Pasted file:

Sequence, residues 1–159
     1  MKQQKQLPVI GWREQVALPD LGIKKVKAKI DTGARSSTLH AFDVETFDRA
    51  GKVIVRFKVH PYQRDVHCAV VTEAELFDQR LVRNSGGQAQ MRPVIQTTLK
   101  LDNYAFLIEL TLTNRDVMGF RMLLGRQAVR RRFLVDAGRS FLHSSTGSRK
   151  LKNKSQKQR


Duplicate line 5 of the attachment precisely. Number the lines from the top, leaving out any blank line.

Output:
   151  LKNKSQKQR